Sunday, December 5, 2010

Bob's stuff part II

I mentioned in my previous post that Bob has a lead army in 15mm painted up for wargaming. We decided about 10 years ago to build up our armies for wargaming the War of 1812. The scale we chose was 1 to 10 in 15mm. A group of us were in on this plan and decided to paint 1 US and one British regiment. By doing this we'd have enough painted to do the Battle of Lundy's Lane which was one of the largest in the war. We figured that if we had enough painted for that battle you had enough for all the others.
Well Bob being the painting machine he is he went into hyper mode and painted every British regiment that served in North America. Don't believe me? Check this out.
He's also started on the US forces too.

Have we wargamed with these yet? Sadly no....

Saturday, December 4, 2010

Bob's gone crazy!

My good friend Bob Fraser who's been battling cancer has been shacked up in his house for the past 3 months while recovering from his treatments. While fighting this disease and boredom he decided to put out a large chunk of his painted up Airfix plastic British Napoleonic figures.No he didn't paint these in those months stuck at home. This is the work of maybe 15 to 20 years of constant painting.
One of Bob's dreams was to see what a British regiment looked like on the field. This quickly morphed into what a brigade and then a division looked like. Eventually he worked his way up to a corps!He also have a division of cavalry painted up too but aren't displayed on the table. These figures haven't been used in a wargame.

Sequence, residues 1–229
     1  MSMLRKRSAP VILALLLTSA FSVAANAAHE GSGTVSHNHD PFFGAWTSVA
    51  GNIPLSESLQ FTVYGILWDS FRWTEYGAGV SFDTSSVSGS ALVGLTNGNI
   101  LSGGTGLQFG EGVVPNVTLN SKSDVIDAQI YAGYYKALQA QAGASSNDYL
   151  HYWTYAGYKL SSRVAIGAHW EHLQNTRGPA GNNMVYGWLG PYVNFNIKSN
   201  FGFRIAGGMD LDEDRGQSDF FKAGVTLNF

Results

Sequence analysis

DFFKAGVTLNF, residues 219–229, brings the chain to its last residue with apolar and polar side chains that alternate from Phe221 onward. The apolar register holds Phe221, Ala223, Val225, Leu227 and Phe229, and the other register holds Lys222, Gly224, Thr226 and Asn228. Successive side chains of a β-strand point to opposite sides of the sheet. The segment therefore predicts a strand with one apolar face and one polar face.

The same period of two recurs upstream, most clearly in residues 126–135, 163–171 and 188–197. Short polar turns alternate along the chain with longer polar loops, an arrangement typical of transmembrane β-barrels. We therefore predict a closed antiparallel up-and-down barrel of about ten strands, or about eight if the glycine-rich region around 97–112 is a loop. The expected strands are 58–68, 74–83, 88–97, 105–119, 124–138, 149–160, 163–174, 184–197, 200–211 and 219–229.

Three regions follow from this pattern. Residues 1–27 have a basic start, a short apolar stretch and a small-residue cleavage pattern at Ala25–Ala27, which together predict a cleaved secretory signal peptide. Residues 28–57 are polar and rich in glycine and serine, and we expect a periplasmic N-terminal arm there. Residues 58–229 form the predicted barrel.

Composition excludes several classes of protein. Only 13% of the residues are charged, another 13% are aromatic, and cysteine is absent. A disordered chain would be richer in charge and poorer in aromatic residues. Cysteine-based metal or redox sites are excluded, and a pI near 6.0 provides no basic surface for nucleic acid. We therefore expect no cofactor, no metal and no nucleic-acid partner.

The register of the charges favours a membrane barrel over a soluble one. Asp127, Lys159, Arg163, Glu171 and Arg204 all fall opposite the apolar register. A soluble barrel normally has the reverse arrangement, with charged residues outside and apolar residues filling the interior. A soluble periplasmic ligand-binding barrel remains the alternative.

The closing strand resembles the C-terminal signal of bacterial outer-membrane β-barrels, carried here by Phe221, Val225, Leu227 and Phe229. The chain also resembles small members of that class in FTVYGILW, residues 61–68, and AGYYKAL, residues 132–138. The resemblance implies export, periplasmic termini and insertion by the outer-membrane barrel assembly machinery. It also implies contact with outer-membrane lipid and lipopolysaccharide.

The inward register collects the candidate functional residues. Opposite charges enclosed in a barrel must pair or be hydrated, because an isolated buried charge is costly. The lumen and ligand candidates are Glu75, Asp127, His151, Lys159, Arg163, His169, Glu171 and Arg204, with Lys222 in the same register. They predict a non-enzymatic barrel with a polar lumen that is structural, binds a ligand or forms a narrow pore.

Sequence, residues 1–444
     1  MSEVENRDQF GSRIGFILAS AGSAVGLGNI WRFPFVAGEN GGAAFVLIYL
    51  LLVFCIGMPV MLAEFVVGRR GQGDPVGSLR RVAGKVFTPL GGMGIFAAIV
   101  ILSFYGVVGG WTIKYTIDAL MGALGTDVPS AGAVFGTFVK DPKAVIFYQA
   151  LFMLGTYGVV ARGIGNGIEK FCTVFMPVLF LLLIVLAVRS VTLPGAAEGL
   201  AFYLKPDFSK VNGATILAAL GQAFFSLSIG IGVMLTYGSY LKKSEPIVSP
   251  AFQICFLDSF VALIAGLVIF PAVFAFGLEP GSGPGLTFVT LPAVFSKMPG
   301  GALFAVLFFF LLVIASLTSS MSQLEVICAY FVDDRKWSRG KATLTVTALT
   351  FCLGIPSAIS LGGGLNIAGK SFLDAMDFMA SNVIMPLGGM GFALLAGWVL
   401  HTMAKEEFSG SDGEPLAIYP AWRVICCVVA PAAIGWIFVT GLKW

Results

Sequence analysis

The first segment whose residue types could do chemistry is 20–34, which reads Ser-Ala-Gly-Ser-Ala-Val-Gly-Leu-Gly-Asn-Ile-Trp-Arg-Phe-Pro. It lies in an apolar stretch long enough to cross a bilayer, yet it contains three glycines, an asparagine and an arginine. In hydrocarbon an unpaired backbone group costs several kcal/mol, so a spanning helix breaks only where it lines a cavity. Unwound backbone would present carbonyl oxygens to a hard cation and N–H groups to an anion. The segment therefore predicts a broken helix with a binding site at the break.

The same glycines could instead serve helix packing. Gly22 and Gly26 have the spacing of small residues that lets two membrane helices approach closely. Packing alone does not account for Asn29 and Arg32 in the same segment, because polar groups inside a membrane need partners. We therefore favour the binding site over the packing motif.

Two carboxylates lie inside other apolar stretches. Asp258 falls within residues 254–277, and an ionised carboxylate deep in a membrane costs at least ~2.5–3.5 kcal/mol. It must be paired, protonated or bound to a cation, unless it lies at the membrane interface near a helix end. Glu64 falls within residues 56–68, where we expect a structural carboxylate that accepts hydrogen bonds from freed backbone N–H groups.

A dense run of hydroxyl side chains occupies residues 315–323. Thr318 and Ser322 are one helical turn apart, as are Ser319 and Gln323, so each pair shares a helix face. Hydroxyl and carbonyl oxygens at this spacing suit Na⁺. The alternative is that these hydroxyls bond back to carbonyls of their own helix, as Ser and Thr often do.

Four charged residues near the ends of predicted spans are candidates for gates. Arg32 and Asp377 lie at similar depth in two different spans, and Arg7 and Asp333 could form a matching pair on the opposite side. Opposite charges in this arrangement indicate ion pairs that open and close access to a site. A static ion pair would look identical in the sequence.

For wargaming he has painted up every British regiment that served in North America during the war of 1812 in 15mm lead. Those are in a 1 to 10 scale. He's working on the US forces there too and has about 14 regiments painted up.
For a video on this 'army' click here.

Tuesday, August 31, 2010

Making a shelled out village

I'm constantly looking for things to add to no man's land. While examining photos of the battlefields I took note that the front lines on the Western Front moved back and forth no matter what was in the way. Sometimes the trenches actually cut through shelled out villages and towns. So I decided to create a few gaming tiles that contained this type of terrain.I cut out wall segments out of foam board and with the aid of a hot glue gun fastened them down on the tiles.
For cobble stone roads I used some brick textured plastic sheeting and glued it down. With a base coat of grey and dry brushing black over it to bring out the brick texture.The shell holes were carved out of the Styrofoam and then I used a water base wood filler to build up the berms. Some glue and flocking plus an airbrush to colour the shell holes and add scorch marks on the ruins added to the total effect.Finally I managed to make all the roads match so I can configure the tiles in numerous ways.
I made sure the rubble should be flat so gaming figures can be positioned with ease. The finished results below used in a game.

Saturday, July 3, 2010

Why oh why?

Ah.... the age old question I get asked all the time, why do you war game? This is a multiple answer question. The first answer is I love military history. The second answer is I love strategy games so why not combine the two passions I have into a hobby that I can excel in.
I have been since my teenage years involved in gaming but I'd say I've gotten more serious into the wargaming hobby in the past 20 years. My interests are mainly in the age of gunpowder so I concentrate on military history from the 18th century on.